Erratic Behavior: Some Causes


MANY BEHAVIORS considered strange or inappropriate, such as hysterical crying, overwrought anger, obsessions, depression and mania, can sometimes be traced to frontal lobe damage, degeneration or disease. But because brain cells cannot be examined directly—and brain imaging is rarely able to detect problems—frontal lobe diagnoses are very susceptible to error.

Such behaviors can be either wrongly attributed to mental illness (and thus inadequately treated) or traced incorrectly to frontal lobe impairment, leading to severe consequences for the sufferer.

“Executive functions”—planning, motivation, inhibition, emotions, and creativity—are behaviors controlled by the frontal lobe.  Say, for example, a dental patient, at the first twinge of pain, slugs the dentist. It may be because of an impairment in the part of the brain that would ordinarily inhibit such a reaction, based on the patient’s knowledge that treatment is necessary.

Head trauma, including post-concussive syndrome and traumatic brain injury, is the most familiar cause of frontal lobe dysfunction. In what are known as “deceleration” injuries, sudden impact causes the brain to be knocked powerfully back and forth inside the hard skull. The result, a sort of bruising, can cause brain swelling and bleeding and lead to lasting damage.  It can either heal with intense therapy over time—more slowly depending on the victim’s age—or can be irreversible.

Frontal lobe degeneration and disease make for trickier diagnoses.  Frontotemporal dementias (FTDs) are the most common forms of dementia in people under 60; and FTDs affect as many people in the 45-64 age group as Alzheimer’s Disease (AD).  Early symptoms include “a disregard for social conventions, impulsivity, apathy, loss of sympathy or empathy…poor insight, planning and assessment,” according to the University of California at San Francisco Memory and Aging Center.

Estimates of false positive FTD misdiagnoses range between 50-69%, usually by general practitioners and most often in younger patients who are in fact suffering from depression or alcohol abuse.  Average life expectancy is 7-13 years after the first FTD symptoms, so that an individual’s ongoing survival can be the only indication of incorrect diagnosis.  Moreover, an FTD diagnosis can make patients vulnerable to others taking control of their care and in some cases obtaining court-ordered guardianships that can be difficult to reverse.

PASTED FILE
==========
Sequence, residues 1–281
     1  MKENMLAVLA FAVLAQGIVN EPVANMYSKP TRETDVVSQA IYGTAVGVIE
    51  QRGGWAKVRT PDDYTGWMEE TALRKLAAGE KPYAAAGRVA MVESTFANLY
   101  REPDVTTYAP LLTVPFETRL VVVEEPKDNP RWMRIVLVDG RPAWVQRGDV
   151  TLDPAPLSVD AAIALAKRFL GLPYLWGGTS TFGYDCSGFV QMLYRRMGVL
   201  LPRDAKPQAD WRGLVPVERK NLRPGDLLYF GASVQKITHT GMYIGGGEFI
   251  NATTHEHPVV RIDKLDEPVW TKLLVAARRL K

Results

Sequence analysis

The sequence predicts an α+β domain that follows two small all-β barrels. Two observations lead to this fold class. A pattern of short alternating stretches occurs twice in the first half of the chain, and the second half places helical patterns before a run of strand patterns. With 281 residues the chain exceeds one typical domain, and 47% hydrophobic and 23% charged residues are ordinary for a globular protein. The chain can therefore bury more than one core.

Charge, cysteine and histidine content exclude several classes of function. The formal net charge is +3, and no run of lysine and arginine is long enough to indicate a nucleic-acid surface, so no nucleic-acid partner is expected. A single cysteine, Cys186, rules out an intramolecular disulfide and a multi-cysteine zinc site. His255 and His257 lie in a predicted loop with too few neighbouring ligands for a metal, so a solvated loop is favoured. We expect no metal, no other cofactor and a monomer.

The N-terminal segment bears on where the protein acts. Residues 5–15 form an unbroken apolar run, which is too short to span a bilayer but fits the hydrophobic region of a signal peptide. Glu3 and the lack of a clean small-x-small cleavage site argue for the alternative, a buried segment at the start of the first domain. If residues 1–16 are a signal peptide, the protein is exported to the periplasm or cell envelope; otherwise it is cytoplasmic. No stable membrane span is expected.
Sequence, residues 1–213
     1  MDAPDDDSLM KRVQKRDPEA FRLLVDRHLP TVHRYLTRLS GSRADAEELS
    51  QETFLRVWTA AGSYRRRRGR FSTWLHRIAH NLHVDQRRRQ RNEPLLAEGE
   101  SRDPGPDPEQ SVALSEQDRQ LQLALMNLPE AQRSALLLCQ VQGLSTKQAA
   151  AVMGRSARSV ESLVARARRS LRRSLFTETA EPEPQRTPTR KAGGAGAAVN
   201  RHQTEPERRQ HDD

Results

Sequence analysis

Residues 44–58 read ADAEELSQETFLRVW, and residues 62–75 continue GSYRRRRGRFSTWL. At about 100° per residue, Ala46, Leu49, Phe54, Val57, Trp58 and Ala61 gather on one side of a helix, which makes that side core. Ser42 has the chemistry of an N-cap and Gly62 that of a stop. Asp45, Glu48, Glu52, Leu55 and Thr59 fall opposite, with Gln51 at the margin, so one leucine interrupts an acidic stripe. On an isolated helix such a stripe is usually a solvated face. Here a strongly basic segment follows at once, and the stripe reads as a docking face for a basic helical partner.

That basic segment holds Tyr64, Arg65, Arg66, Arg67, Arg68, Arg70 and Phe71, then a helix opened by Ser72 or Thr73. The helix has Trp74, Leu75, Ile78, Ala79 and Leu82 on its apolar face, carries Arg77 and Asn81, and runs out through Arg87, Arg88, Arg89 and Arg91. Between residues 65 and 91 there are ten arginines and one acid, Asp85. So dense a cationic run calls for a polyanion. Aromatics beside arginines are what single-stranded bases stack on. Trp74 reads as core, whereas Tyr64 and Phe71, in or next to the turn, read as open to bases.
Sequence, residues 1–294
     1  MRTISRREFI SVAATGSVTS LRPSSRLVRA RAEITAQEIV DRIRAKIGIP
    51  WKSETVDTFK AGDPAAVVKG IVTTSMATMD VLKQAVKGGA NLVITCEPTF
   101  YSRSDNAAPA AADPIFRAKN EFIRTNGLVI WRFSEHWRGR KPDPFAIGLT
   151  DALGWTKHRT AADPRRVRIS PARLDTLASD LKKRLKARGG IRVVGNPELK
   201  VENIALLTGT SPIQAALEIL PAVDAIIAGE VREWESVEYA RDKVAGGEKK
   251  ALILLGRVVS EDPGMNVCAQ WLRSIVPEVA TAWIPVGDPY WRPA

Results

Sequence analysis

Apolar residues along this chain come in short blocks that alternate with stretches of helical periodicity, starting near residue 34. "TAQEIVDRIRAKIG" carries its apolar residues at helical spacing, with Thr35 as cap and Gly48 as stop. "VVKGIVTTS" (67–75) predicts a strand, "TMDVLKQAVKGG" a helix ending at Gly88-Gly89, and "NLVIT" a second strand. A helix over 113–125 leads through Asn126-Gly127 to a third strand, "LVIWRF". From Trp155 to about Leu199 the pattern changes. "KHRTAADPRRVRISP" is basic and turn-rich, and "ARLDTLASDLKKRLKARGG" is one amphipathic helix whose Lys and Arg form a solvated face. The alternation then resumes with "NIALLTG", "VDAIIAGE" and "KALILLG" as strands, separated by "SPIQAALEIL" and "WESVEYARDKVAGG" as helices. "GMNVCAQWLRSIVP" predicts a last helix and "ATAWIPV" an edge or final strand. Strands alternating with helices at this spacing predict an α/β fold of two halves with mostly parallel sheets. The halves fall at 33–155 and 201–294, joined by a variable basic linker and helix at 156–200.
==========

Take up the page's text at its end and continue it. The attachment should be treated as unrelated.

Missed cases—false negatives—of FTD are most often incorrectly labeled AD, Parkinson’s or Huntington’s Disease, or progressive aphasia—the loss of ability to express or understand speech.

Frontal-lobe epilepsy, the second most common form of epilepsy, can also cause emotional symptoms, from sudden fear or a sense that something terrible is about to happen to feelings of anger, range, sudden joy or happiness. Although seizures commonly include movements—grimacing, flailing, bicycling legs—these can occur while the sufferer is completely unaware (called “complex partial seizures”) or aware but unable to move or speak.

A syndrome known as PANDAS (Pediatric Autoimmune Neuropsychiatric Disorders Associated with Streptococcal infections), in which the body’s immune reaction to strep—and possibly other infections like Lyme Disease—attacks frontal lobe brain cells.  PANDAS occurs most often in children, but a Beverly Hills psychiatrist reports diagnosing one to two adult cases each week.

The syndrome can cause obsessive-compulsive behaviors, known as immune-mediated OCD, as well as tic disorders (Tourette’s syndrome), which can appear suddenly, sometimes overnight, during or after the infection.  Also “children may also become moody or irritable, experience anxiety attacks, or show concerns about separating from parents or loved ones,” according to the National Institutes of Mental Health PANDAS fact sheet.

Frontal lobe disorders can be focal, affecting a small area, and can include stroke, Huntington’s Disease, infection and PANDAS. But most are diffuse, creating different clusters of symptoms in individual patients.

The unpredictability and sometimes unknowability of which regions are affected can make impairment difficult to assess and treat. On the other hand, in some cases, deficient executive functions—particularly inhibition—have led to a blossoming of previously unknown artistic talent.

—Mary Carpenter

Every Tuesday in this space, well-being editor Mary Carpenter reports on health news we can use.

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